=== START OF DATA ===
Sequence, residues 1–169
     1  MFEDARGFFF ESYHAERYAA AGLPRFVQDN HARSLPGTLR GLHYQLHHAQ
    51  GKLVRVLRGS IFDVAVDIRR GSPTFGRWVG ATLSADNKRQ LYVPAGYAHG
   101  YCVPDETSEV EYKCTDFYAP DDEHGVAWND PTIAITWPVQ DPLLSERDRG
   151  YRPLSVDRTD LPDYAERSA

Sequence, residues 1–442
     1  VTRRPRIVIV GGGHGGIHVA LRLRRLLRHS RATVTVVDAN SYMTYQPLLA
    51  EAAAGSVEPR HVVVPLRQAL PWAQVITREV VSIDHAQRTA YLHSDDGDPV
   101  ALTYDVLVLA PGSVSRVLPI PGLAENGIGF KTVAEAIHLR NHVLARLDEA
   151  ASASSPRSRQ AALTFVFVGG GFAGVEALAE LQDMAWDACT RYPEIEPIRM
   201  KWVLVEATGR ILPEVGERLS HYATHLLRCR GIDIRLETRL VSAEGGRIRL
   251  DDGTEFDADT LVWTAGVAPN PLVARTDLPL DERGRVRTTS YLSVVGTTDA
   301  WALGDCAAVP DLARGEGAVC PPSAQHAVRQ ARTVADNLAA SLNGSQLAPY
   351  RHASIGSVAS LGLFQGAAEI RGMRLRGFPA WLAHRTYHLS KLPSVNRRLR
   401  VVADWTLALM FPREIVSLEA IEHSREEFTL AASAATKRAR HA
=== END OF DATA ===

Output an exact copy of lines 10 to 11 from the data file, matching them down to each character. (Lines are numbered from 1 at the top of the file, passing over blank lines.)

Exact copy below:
   151  ASASSPRSRQ AALTFVFVGG GFAGVEALAE LQDMAWDACT RYPEIEPIRM
   201  KWVLVEATGR ILPEVGERLS HYATHLLRCR GIDIRLETRL VSAEGGRIRL